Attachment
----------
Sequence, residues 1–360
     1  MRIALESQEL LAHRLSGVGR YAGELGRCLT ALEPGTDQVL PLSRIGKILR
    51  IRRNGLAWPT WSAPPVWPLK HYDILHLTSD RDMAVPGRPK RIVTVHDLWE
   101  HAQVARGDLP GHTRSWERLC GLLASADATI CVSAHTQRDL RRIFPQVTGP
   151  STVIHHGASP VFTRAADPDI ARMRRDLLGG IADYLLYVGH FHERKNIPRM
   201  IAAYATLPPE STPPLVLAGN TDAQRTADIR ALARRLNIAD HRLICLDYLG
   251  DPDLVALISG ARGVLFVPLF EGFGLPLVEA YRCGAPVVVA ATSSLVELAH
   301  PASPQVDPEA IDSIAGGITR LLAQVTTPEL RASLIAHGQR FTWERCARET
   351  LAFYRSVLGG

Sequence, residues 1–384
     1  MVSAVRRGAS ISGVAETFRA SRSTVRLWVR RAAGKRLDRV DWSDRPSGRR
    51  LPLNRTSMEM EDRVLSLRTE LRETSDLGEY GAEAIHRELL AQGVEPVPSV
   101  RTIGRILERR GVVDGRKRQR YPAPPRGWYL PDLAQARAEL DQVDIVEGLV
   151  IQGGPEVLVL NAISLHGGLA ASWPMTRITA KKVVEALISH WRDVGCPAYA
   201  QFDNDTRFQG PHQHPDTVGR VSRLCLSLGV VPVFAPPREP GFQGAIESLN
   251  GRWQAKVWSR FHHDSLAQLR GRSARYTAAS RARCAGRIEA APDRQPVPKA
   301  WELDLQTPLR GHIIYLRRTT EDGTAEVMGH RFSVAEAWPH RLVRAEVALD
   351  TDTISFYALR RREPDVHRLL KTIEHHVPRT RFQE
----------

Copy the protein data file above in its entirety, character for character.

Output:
Sequence, residues 1–360
     1  MRIALESQEL LAHRLSGVGR YAGELGRCLT ALEPGTDQVL PLSRIGKILR
    51  IRRNGLAWPT WSAPPVWPLK HYDILHLTSD RDMAVPGRPK RIVTVHDLWE
   101  HAQVARGDLP GHTRSWERLC GLLASADATI CVSAHTQRDL RRIFPQVTGP
   151  STVIHHGASP VFTRAADPDI ARMRRDLLGG IADYLLYVGH FHERKNIPRM
   201  IAAYATLPPE STPPLVLAGN TDAQRTADIR ALARRLNIAD HRLICLDYLG
   251  DPDLVALISG ARGVLFVPLF EGFGLPLVEA YRCGAPVVVA ATSSLVELAH
   301  PASPQVDPEA IDSIAGGITR LLAQVTTPEL RASLIAHGQR FTWERCARET
   351  LAFYRSVLGG

Sequence, residues 1–384
     1  MVSAVRRGAS ISGVAETFRA SRSTVRLWVR RAAGKRLDRV DWSDRPSGRR
    51  LPLNRTSMEM EDRVLSLRTE LRETSDLGEY GAEAIHRELL AQGVEPVPSV
   101  RTIGRILERR GVVDGRKRQR YPAPPRGWYL PDLAQARAEL DQVDIVEGLV
   151  IQGGPEVLVL NAISLHGGLA ASWPMTRITA KKVVEALISH WRDVGCPAYA
   201  QFDNDTRFQG PHQHPDTVGR VSRLCLSLGV VPVFAPPREP GFQGAIESLN
   251  GRWQAKVWSR FHHDSLAQLR GRSARYTAAS RARCAGRIEA APDRQPVPKA
   301  WELDLQTPLR GHIIYLRRTT EDGTAEVMGH RFSVAEAWPH RLVRAEVALD
   351  TDTISFYALR RREPDVHRLL KTIEHHVPRT RFQE